Yesterday, First Baptist Church of Grand Cayman entered its 35th year of gospel ministry in the Cayman Islands. Since July 17, 1977 the Lord has been pleased to keep the candle burning in this place and to build a congregating family of saints.
A church’s history tends to be a very interesting study in the spiritual life of God’s people. Most people tell the history of their church through key events (a new building, a community-wide crisis or need, and so on) and key leaders and personalities (pastor A, pastor B, and so on). But the life of a church cannot primarily be defined by the life of its leaders or the major events, however important those leaders and events. The church’s character and likeness really gets shaped by the actions of God in the midst of the entire people. After all, the glory all belongs to God and He is the One who promised to build the church.
I wonder how the church’s history would read and how the church would understand itself if we told “a people’s history” of the congregation. For example, yesterday, on our 35th anniversary, the Lord called home a dear brother named Steve Koranda. In the written annals of the church Steve’s name might not figure prominently. But in the oral record of the church people will recount his amazing radio voice, the encouragement he gave through choir, and the friendship he offered so many. The story ought to be told of Steve’s courageous fight with cancer and the faith he maintained through the final stages. Also on yesterday another sister named Mandi Ponce lost her mom, Donna Tesson. Official church records won’t record the Ponces’ grief or the church’s response, but no doubt both will be a part of shaping the future church.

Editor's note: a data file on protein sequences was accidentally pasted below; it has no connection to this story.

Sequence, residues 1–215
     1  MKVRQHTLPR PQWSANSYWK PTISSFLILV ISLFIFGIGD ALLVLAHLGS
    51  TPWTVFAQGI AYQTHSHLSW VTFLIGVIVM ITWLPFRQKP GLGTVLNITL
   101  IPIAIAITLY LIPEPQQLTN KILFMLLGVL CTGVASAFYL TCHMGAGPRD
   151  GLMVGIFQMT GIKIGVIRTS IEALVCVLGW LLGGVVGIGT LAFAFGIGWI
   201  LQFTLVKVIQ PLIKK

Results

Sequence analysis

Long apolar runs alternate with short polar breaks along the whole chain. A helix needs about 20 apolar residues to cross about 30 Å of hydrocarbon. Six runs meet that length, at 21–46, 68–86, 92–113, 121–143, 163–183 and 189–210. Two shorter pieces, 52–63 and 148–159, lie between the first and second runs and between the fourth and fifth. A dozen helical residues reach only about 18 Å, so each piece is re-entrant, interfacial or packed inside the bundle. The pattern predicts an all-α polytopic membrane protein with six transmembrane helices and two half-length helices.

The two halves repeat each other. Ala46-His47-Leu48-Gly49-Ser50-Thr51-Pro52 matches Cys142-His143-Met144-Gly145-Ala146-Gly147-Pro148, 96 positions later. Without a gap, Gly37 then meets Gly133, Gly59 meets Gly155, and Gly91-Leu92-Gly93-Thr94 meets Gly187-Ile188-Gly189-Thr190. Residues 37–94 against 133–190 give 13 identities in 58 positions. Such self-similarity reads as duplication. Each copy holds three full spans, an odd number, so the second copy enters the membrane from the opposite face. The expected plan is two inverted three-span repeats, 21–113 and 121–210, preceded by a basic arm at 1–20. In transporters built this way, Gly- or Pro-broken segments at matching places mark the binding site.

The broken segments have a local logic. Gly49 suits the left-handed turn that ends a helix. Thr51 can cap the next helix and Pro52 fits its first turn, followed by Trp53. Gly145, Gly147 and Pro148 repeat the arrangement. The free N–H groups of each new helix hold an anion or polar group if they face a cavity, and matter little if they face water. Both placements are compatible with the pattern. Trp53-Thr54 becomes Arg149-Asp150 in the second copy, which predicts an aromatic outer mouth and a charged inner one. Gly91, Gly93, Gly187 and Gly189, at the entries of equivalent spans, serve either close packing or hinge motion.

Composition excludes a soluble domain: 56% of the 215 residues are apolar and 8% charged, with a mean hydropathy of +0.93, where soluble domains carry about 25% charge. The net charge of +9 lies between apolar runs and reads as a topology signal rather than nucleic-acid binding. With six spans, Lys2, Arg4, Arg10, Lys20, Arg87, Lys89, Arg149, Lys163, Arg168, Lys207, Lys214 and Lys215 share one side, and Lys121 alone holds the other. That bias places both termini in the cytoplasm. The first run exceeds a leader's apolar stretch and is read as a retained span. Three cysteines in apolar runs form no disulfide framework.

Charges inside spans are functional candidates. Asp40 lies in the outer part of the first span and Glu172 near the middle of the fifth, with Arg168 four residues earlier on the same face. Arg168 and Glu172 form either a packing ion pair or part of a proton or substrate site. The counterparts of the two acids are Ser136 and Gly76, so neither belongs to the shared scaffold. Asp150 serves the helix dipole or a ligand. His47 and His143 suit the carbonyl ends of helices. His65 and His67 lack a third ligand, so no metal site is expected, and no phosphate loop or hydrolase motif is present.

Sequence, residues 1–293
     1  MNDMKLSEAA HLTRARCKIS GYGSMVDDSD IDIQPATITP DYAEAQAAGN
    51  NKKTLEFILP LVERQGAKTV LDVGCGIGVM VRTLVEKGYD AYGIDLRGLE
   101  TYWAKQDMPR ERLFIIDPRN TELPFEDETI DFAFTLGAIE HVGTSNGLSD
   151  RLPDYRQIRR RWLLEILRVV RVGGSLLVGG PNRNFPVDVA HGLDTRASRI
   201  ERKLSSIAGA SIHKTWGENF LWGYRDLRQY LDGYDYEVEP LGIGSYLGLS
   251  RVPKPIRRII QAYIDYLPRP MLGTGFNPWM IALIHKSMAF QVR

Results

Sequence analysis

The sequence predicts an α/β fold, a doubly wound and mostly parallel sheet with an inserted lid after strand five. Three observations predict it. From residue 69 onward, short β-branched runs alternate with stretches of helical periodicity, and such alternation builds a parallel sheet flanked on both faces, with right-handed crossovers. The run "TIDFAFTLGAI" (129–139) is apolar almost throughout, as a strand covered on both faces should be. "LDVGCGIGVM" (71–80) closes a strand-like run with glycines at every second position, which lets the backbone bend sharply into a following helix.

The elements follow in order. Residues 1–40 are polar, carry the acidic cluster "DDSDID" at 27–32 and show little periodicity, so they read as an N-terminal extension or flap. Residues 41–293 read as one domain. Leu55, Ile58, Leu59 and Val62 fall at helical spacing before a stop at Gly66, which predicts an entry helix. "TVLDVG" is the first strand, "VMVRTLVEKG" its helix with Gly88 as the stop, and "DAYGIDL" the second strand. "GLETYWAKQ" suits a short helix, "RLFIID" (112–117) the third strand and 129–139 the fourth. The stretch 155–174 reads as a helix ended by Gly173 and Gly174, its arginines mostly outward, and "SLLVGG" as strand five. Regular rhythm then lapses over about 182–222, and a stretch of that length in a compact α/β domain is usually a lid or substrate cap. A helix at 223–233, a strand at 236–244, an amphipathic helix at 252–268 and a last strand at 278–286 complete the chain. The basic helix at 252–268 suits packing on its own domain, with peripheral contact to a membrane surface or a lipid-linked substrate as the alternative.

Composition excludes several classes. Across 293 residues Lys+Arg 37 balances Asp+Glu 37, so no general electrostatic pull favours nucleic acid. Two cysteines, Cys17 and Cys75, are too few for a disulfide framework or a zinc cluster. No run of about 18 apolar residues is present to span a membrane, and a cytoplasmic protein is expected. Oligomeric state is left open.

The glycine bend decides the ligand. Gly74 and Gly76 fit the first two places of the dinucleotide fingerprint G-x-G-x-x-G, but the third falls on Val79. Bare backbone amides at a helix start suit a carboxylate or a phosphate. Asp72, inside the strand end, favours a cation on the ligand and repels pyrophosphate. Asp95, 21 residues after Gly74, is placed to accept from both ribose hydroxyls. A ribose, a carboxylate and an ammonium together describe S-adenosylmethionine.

As a pastor, I’ve often been surprised at what God uses to mold the hearts and minds and lives of His people. What can take months and months to teach from the pulpit sometimes takes root through in an instant through the members of the church. I recall Shane Ebanks’ proposal of marriage to Ronnie during a potluck fellowship. When Ronnie, a young woman who had come to faith in the church only a year or so earlier, asked the congregation to give her away because her parents couldn’t make the trip from England, that gesture deepened our love for Shane and Ronnie, deepened our commitment to the marriages of young people, and deepened our notion of being a “church family” more than any sermon I’ve preached. It was a surprisingly defining moment when the entire church was mobilized to provide for their reception, to help them get started in their new apartment, and to answer the question “Who gives this woman to be married to this man?” Back came the answer: “We do, her mothers and fathers, brothers and sisters in Christ.” Priceless.